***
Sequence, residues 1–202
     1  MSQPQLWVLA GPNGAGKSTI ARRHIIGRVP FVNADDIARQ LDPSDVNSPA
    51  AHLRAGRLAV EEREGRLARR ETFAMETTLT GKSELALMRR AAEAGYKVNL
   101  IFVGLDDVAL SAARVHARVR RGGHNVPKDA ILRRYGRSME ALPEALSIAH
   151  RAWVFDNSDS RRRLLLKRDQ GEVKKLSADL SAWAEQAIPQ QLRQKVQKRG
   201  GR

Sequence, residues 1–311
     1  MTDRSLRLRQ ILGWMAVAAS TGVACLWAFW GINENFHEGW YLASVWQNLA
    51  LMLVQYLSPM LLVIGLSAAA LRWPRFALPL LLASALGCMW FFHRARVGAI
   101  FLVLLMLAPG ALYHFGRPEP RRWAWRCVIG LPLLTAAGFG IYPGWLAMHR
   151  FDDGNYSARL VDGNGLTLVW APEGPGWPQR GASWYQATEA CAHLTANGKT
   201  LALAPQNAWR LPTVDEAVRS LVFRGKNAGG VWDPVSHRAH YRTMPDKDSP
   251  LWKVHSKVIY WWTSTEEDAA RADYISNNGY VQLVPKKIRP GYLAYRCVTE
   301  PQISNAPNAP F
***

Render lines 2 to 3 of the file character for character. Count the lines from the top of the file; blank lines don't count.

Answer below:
     1  MSQPQLWVLA GPNGAGKSTI ARRHIIGRVP FVNADDIARQ LDPSDVNSPA
    51  AHLRAGRLAV EEREGRLARR ETFAMETTLT GKSELALMRR AAEAGYKVNL